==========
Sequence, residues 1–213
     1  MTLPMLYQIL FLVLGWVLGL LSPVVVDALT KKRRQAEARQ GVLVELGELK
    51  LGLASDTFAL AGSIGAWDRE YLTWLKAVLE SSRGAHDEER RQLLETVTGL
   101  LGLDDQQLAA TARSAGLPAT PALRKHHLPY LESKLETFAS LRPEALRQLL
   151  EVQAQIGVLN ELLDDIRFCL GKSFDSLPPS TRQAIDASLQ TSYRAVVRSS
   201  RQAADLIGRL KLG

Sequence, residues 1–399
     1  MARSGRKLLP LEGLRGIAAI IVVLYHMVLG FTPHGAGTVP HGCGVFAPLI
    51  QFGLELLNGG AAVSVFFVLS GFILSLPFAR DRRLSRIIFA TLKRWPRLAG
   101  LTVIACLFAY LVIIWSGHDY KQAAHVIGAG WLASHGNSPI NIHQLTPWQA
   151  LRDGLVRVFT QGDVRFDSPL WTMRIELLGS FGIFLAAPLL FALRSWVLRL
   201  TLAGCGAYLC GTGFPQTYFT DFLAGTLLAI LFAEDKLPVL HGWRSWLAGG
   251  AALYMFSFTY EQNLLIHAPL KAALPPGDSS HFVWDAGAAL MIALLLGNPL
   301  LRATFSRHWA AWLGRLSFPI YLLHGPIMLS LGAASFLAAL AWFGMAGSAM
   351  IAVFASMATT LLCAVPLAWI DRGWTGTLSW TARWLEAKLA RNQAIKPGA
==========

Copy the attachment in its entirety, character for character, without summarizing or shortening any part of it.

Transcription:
Sequence, residues 1–213
     1  MTLPMLYQIL FLVLGWVLGL LSPVVVDALT KKRRQAEARQ GVLVELGELK
    51  LGLASDTFAL AGSIGAWDRE YLTWLKAVLE SSRGAHDEER RQLLETVTGL
   101  LGLDDQQLAA TARSAGLPAT PALRKHHLPY LESKLETFAS LRPEALRQLL
   151  EVQAQIGVLN ELLDDIRFCL GKSFDSLPPS TRQAIDASLQ TSYRAVVRSS
   201  RQAADLIGRL KLG

Sequence, residues 1–399
     1  MARSGRKLLP LEGLRGIAAI IVVLYHMVLG FTPHGAGTVP HGCGVFAPLI
    51  QFGLELLNGG AAVSVFFVLS GFILSLPFAR DRRLSRIIFA TLKRWPRLAG
   101  LTVIACLFAY LVIIWSGHDY KQAAHVIGAG WLASHGNSPI NIHQLTPWQA
   151  LRDGLVRVFT QGDVRFDSPL WTMRIELLGS FGIFLAAPLL FALRSWVLRL
   201  TLAGCGAYLC GTGFPQTYFT DFLAGTLLAI LFAEDKLPVL HGWRSWLAGG
   251  AALYMFSFTY EQNLLIHAPL KAALPPGDSS HFVWDAGAAL MIALLLGNPL
   301  LRATFSRHWA AWLGRLSFPI YLLHGPIMLS LGAASFLAAL AWFGMAGSAM
   351  IAVFASMATT LLCAVPLAWI DRGWTGTLSW TARWLEAKLA RNQAIKPGA